Tuesday, May 1, 2018

Thoughts on the Ghoul Prince (published DIY RPG)

I now have one published adventure written for the DCC ruleset.


Its got snazzy art from the ever talented Alex Mayo and maps from fellow Canuck Dyson Logos.  But other than have DCC stats and features,  whats its deal?

Its got a psychotic slasher villain as the main antagonist, straight from the eighties.   Slasher villains don't normally work in an RPG about well armed lunatics with supernatural powers and a penchant for fighting wraiths and dragons.  I don't think a machete and an inside out mask of a sci-fi celebrity would really be enough of a threat to stop an adventuring party of non-camp counselors.

The feel of the slasher is there though, with diegetic abilities which strongly encourage using different tactics for the party to defeat (or avoid) this antagonist. If nothing else it will be a breath of fresh air as the party tries new things.

The larger change with this adventure is how it is written.  With most things that I write, you may have noticed I am usually experimenting with some concept or element of the adventure.  This adventure sprang out of my adventure convert-o-tronica concept of making ready to use location based adventure that can easily fit into any campaign.  The Ghoul Prince follows that relentlessly.   I show the core elements of the adventure, the moving pieces that set the stage for potential climactic battles, gruesome deaths, or fabulous schemes while everything else is a skeletal frame.   I then also give three different "skins" that smoothly fit over that frame and instructions on how to make your own.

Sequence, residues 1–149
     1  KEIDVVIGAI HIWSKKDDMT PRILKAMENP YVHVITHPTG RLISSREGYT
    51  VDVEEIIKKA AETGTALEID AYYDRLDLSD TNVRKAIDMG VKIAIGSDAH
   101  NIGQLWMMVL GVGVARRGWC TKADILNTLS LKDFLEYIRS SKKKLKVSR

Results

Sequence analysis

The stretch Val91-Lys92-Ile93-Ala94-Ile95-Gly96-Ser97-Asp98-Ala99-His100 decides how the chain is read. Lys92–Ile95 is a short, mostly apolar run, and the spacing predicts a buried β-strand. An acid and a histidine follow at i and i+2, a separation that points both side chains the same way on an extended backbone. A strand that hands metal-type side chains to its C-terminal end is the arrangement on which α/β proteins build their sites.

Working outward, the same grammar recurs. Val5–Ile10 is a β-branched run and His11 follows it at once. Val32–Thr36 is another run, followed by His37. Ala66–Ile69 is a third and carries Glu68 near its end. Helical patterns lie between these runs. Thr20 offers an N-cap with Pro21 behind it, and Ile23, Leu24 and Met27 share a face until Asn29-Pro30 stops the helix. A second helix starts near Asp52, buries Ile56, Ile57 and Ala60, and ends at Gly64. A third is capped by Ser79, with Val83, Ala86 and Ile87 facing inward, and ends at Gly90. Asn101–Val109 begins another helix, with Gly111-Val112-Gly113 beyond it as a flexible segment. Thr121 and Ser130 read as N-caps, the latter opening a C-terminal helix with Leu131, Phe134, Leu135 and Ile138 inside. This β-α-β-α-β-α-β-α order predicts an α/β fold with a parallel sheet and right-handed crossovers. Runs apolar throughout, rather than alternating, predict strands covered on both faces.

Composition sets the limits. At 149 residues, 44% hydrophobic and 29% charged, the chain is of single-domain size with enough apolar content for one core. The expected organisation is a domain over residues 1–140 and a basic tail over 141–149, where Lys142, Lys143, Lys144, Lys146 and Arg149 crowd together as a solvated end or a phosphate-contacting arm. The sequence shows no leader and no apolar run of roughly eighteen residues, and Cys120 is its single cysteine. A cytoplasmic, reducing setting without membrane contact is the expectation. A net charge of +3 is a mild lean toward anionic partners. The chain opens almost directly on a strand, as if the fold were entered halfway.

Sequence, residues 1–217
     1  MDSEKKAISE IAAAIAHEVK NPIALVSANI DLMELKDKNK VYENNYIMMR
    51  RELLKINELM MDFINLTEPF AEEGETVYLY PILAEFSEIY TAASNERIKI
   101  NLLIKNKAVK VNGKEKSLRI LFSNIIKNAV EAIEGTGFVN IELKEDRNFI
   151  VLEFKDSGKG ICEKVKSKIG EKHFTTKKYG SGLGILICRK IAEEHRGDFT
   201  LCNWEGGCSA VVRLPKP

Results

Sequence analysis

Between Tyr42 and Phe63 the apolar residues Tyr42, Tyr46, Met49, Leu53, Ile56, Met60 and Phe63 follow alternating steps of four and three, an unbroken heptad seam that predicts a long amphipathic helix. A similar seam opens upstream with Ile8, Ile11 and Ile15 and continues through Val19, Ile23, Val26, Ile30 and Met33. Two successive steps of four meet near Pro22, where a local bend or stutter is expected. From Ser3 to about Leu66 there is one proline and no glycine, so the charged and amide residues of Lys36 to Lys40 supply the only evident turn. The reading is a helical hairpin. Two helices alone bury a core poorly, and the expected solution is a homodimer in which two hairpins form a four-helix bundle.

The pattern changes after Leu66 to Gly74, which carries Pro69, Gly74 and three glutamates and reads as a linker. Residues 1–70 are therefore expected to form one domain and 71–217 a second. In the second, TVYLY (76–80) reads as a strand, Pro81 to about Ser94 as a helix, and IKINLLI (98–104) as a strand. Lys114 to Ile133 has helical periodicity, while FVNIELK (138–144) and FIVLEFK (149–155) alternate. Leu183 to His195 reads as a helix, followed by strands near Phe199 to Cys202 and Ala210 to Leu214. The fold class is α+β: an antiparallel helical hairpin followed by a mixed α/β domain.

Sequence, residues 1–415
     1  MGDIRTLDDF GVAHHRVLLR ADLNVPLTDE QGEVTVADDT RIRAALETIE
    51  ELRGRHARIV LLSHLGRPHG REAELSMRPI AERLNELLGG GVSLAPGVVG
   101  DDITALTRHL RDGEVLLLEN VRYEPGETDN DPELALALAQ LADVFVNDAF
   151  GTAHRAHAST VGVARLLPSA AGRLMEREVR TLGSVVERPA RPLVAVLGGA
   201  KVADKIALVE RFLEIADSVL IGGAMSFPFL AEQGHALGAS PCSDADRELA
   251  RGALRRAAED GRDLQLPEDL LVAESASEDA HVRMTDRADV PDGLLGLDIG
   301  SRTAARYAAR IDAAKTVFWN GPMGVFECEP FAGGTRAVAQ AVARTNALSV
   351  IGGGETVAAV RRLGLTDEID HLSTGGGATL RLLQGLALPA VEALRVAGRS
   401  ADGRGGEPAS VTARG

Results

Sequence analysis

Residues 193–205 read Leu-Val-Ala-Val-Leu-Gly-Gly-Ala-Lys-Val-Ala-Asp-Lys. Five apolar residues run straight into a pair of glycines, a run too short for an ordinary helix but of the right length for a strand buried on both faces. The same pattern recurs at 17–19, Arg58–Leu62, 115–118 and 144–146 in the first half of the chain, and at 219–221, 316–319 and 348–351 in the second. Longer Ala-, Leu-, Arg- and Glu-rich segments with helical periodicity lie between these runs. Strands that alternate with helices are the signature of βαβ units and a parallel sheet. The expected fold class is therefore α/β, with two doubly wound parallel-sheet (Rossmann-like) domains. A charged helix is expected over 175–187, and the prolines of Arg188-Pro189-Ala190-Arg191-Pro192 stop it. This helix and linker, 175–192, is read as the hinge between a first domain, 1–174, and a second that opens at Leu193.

I don't want to imply that the skeletal frame is somehow bare or requires the GM to write half the adventure themselves, they don't.  The skins really do cleanly fit over top,  I could have just taken one of the skins, applied it and published it that way and it would be perfectly cromulent.   But I did want to show a little bit of whats under the hood of an adventure when you structure it as a game component first and then make sure the 'fiction' lines up with it. A big pet peeve of mine with adventures is when they are incredibly imaginative and full of great ideas,  but that they aren't actually fun to interact with at the actual game table where 4-6 people will be spending several blocks of time, each multiple hours in length.

The Ghoul Prince is available HERE

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